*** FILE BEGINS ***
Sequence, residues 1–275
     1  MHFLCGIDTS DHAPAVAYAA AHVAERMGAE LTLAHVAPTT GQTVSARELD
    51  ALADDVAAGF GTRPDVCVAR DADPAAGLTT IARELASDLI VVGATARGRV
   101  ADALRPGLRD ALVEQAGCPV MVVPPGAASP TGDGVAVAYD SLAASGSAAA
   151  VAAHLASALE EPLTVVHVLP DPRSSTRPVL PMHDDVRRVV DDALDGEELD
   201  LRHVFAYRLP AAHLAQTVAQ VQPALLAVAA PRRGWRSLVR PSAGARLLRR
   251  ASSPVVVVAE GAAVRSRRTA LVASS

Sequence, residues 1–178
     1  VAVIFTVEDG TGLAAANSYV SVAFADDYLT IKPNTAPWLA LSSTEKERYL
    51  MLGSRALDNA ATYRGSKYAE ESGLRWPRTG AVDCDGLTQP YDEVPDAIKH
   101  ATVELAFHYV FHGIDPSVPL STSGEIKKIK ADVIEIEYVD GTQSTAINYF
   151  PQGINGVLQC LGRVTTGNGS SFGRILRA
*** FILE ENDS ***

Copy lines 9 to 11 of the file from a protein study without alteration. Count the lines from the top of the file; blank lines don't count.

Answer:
     1  VAVIFTVEDG TGLAAANSYV SVAFADDYLT IKPNTAPWLA LSSTEKERYL
    51  MLGSRALDNA ATYRGSKYAE ESGLRWPRTG AVDCDGLTQP YDEVPDAIKH
   101  ATVELAFHYV FHGIDPSVPL STSGEIKKIK ADVIEIEYVD GTQSTAINYF